Looking after our teeth is often taken for granted. For most of us, daily brushing and the obligatory 6-monthly dental checks are the best we can throw at our pearly whites. While we are often mindful of what we eat in terms of our weight, we don’t always pay the same attention to detail for our teeth.
Having said that, most of us understand that sugar and particularly sweets are bad for our teeth. Who hasn’t had some sort of tooth debacle as a result of a Christmas, Quality Street, penny toffee. At best it’s just stuck in your teeth for an inordinate amount of time, and at worst it ends up landing you a costly trip to the dentist. The Christmas toffee is definitely a tooth hazard.
There’s more. It’s not just toffee, sweets, fizzy drinks and juices that play havoc with your dental health. Read ahead carefully and take heed if you want to keep your gnashers and gums in good health.
Cold but harmless right? Wrong. Ice may be natural and sugar free, but chewing on hard, frozen cubes of ice can chip or crack your teeth. The combination of cold temperature and the brittleness of the ice can cause microscopic cracks in the surface of your tooth enamel. You may not notice it straight away, but regularly chewing on ice can lead to bigger dental problems later on. Crunching on ice is a sure-fire way to trigger tooth pain in sensitive teeth too.
- Our teeth aren’t tools
Using your teeth to open bottles, nail polish, or such like is incredibly hard on your teeth. Even ripping envelopes and opening bags of crisps with your teeth presents them with unnecessary wear and tear. Continual trauma to your teeth will end up in disaster. Think twice about using your teeth as tools. Get the right gadgets to do the job for you.
- Teeth grinding or jaw clenching
Whether during the day, at night or both, teeth grinding is for some a perpetual subconscious action. Bruxism is the medical term used for teeth grinding and clenching the jaw, and it plays havoc with your dental integrity. It’s no surprise that persistent tooth grinding wears down the enamel on your teeth.
Some cases are thought to be related to stress and anxiety, so seeking help with the cause of your stress is the best long term solution. Consider meditation, regular exercise, and even counselling to work on the route cause. Cutting back on caffeine and alcohol can also be effective in managing stress.
For others bruxism is caused by an abnormal bite or missing teeth. Talk to your dentist to see if there are any solutions and ask about a mouth guard to prevent you grinding your teeth at night.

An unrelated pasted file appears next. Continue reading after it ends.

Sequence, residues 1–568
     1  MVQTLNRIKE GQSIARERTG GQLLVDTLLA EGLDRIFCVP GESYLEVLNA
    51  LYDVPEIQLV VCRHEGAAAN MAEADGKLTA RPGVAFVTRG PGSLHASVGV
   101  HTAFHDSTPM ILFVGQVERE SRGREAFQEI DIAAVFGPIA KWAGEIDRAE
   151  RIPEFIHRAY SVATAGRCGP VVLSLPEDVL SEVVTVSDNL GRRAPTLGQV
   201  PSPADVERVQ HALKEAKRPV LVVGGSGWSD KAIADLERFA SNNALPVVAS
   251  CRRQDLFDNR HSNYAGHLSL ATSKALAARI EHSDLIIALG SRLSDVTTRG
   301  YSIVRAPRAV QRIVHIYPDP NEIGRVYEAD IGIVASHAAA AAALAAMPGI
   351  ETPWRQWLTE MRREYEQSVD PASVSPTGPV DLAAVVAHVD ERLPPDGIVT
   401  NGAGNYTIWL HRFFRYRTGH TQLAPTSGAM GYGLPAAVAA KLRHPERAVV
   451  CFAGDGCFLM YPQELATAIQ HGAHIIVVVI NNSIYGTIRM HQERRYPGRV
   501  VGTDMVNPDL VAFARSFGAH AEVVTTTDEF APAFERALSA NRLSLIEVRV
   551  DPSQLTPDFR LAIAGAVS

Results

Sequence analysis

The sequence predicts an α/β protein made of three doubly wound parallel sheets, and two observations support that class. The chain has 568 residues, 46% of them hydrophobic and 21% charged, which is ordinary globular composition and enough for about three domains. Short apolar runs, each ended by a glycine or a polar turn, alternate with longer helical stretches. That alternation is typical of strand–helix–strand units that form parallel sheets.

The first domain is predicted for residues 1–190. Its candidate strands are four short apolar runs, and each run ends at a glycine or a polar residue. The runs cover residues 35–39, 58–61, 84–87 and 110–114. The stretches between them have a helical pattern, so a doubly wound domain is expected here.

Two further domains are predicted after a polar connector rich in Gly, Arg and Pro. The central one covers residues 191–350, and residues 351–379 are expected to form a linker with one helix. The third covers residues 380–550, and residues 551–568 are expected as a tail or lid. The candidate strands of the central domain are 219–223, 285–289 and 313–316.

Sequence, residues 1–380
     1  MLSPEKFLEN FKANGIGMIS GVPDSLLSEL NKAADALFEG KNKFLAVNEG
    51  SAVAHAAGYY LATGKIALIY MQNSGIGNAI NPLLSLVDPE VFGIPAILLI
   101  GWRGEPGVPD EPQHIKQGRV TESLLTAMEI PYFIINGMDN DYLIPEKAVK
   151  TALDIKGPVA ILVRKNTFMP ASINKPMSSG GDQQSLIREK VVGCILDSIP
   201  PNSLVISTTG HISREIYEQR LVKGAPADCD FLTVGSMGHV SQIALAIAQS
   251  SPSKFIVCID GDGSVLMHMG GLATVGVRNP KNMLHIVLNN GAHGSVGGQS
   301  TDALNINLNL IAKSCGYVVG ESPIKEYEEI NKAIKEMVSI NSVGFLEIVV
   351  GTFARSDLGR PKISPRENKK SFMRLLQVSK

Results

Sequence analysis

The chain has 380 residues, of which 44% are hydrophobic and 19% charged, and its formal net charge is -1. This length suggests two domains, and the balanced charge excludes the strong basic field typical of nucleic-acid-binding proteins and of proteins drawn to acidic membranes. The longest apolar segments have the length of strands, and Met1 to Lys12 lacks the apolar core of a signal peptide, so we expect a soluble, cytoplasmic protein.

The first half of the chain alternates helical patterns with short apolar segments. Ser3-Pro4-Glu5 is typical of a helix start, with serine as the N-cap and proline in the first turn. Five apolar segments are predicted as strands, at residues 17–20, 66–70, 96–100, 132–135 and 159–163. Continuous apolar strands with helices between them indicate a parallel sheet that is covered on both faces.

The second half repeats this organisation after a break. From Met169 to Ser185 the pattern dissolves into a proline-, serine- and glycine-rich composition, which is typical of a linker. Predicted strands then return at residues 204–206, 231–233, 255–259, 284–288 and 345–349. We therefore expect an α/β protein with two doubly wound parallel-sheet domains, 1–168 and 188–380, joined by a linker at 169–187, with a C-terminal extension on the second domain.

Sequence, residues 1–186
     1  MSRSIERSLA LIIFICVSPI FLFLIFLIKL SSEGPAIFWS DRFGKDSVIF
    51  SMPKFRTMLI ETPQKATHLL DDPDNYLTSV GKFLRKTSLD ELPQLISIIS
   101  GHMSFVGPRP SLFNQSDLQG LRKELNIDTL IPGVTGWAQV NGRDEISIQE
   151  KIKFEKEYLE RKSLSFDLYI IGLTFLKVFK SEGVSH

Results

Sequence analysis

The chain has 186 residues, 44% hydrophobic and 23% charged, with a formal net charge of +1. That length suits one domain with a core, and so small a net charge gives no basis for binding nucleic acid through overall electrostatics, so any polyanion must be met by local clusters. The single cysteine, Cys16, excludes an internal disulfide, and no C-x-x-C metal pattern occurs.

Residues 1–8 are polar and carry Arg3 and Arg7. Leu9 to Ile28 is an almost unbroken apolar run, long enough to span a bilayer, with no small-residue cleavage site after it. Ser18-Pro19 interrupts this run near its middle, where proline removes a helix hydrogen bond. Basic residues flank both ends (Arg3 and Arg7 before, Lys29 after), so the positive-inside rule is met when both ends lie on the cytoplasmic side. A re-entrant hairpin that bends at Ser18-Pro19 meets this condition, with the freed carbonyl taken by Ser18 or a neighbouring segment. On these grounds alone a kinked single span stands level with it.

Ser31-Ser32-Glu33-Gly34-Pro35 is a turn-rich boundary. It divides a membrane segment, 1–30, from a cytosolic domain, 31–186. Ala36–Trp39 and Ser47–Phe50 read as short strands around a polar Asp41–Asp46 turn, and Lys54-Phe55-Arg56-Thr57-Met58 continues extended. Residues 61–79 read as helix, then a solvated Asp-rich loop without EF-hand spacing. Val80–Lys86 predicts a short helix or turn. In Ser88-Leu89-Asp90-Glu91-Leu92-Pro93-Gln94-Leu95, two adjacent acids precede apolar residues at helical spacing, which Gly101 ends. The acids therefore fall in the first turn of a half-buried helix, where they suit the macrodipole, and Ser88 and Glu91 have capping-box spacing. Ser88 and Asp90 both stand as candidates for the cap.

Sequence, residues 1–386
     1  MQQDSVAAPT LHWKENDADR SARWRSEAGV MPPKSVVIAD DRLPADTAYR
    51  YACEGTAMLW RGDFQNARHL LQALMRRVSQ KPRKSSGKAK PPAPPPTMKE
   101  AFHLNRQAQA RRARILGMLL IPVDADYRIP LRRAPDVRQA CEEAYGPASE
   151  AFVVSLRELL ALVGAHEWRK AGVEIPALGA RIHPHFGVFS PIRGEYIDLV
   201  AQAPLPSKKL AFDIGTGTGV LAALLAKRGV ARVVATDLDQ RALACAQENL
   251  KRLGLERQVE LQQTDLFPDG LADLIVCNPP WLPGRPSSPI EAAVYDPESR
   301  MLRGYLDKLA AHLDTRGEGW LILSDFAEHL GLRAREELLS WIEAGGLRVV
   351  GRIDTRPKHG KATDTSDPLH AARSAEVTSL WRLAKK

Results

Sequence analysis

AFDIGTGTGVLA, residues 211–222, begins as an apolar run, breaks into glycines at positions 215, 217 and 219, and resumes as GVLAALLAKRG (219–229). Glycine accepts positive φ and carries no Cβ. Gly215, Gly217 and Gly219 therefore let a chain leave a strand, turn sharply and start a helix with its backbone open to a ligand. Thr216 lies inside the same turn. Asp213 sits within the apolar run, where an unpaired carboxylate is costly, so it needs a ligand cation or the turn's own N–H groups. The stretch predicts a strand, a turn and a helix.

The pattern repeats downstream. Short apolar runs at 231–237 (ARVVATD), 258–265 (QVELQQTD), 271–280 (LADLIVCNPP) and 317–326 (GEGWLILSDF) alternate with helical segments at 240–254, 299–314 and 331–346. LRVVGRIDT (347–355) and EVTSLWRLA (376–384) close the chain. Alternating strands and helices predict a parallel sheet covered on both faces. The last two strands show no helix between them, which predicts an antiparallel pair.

- Chewing your pen
If you’re caught in the subconscious loop of chewing your pens and pencils, make a conscious effort to stop. Chewing on pens is disastrous for your teeth. Biting hard plastic can cause hairline cracks in the enamel on your teeth.
It’s not terribly hygienic either – your pen has been rolling around on a variety of surfaces. Even worse, has someone else chewed the pen before you? Ergh. Stick a big eraser on the end of your pen and get yourself some gum (sugar-free of course). While gum isn’t exactly a great option, it’s better than risking a lifetime of pen chewing.
- Biting your nails
Nail biting is another poor dental hygiene habit. Not only do hard nails have the same effect on teeth as the innocuous pen, there’s a whole host of bacteria stuck under our nails. Nail biting is putting you at greater risk of infection if you’re regularly sticking your fingers in your mouth. And chewing on hard fingernails can chip your teeth. If you have braces on your teeth, research shows that nail biting during orthodontic treatment can also cause the roots of your teeth to become weaker.
- Tooth brushing mistakes
We are often given advice by our dentist on the best way to brush our teeth. Here are some of the things NOT to do.
- Don’t use a hard-bristled brush
- Don’t brush your teeth more than 3 times a day
- Don’t brush too hard
- Don’t always start in the same place
- Don’t leave your toothbrush laying down at the edge of the sink
- Don’t let brushes touch
- Don’t brush straight after consuming acidic foods and drinks
- Don’t forget to change your tooth brush regularly (every 3 months)
- Constant snacking
You may well think that eating little and often is best. Apparently constant snacking is not good for your teeth. Snacking produces less saliva than a larger meal. With less saliva food bits are more easily stuck in between the teeth for longer. If you can’t stop the snacking, switch to snacks that are low in sugar and starch.
For expert advice on how to keep your teeth and gums in the very best of health book a check-up with your dentist.
Article provided by Sara Bryant, working alongside dental clinics including Black Swan Dental Spa who strive to improve dental hygiene.